Access to Information Orders

Decision Information

Summary:

The records at issue in this appeal are a contract and an addendum to the contract between the Ottawa-Carleton District School Board (the board) and an online school payment service provider. The appellant made an access request to the board under the Municipal Freedom of Information and Protection of Privacy Act (the Act) for copies of these records. The board denied access to the records, claiming the application of the mandatory exemption in section 10(1) (third party information). In this order, the adjudicator finds that the exemption in section 10(1) does not apply, because the contract and amending agreement do not meet the second part of the three-part test in section 10(1), that is, they were not “supplied” to the board by the service provider because they were negotiated. The adjudicator orders the board to disclose the records to the appellant.

Decision Content

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ORDER MO-3885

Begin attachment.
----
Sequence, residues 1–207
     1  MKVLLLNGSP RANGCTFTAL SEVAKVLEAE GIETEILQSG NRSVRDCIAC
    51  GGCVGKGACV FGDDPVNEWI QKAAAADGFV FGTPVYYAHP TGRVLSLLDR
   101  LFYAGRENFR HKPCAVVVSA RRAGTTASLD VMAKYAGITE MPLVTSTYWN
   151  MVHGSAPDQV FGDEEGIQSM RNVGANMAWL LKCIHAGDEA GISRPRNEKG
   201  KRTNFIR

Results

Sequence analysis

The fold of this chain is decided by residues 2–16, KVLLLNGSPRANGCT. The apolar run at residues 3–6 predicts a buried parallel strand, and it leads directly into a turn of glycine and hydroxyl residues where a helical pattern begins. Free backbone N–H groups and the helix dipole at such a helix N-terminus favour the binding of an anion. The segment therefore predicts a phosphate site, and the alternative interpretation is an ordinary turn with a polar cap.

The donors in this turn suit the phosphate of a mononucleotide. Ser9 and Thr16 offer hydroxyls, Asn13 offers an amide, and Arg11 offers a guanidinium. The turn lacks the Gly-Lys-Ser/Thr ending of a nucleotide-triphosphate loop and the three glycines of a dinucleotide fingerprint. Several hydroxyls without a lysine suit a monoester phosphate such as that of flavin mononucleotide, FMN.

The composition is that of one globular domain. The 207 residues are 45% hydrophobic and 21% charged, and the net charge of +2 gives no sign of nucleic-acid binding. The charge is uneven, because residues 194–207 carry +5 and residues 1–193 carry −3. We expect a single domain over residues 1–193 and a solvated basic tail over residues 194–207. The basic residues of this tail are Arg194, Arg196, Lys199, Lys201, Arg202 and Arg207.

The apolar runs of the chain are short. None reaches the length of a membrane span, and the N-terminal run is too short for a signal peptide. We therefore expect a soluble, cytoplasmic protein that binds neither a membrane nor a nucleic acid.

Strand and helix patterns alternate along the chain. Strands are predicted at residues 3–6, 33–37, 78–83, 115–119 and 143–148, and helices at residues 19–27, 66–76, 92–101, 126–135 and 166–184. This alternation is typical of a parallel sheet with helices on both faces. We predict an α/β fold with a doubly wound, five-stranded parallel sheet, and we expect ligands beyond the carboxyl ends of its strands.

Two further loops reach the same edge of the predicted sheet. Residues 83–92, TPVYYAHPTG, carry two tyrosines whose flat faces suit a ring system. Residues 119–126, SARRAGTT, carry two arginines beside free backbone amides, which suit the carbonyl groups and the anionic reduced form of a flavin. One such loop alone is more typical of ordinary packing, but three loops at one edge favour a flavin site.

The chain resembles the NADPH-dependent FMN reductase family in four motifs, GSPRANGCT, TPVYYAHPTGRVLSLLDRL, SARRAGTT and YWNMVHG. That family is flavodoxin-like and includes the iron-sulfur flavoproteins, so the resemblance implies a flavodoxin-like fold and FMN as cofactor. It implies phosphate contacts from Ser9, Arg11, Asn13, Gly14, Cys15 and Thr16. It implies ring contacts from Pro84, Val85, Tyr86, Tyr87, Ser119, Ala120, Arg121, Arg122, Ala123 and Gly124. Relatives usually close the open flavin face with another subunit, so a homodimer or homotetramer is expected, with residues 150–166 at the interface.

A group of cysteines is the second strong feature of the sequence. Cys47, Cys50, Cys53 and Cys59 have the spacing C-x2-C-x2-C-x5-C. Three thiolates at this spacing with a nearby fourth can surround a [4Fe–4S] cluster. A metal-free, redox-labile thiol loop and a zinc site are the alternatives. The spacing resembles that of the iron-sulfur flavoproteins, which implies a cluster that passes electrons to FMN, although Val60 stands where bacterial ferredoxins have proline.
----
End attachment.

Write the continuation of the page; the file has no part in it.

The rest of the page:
Appeal MA18-208

Ottawa-Carleton District School Board

December 24, 2019

Summary: The records at issue in this appeal are a contract and an addendum to the contract between the Ottawa-Carleton District School Board (the board) and an online school payment service provider. The appellant made an access request to the board under the Municipal Freedom of Information and Protection of Privacy Act  (the Act ) for copies of these records. The board denied access to the records, claiming the application of the mandatory exemption in section 10(1)  (third party information). In this order, the adjudicator finds that the exemption in section 10(1)  does not apply, because the contract and amending agreement do not meet the second part of the three-part test in section 10(1) , that is, they were not “supplied” to the board by the service provider because they were negotiated. The adjudicator orders the board to disclose the records to the appellant.

Statutes Considered: Municipal Freedom of Information and Protection of Privacy Act, R.S.O. 1990, c. M.56 , as amended, section 10(1) .

Orders and Investigation Reports Considered: Orders PO-2384 and PO-2632.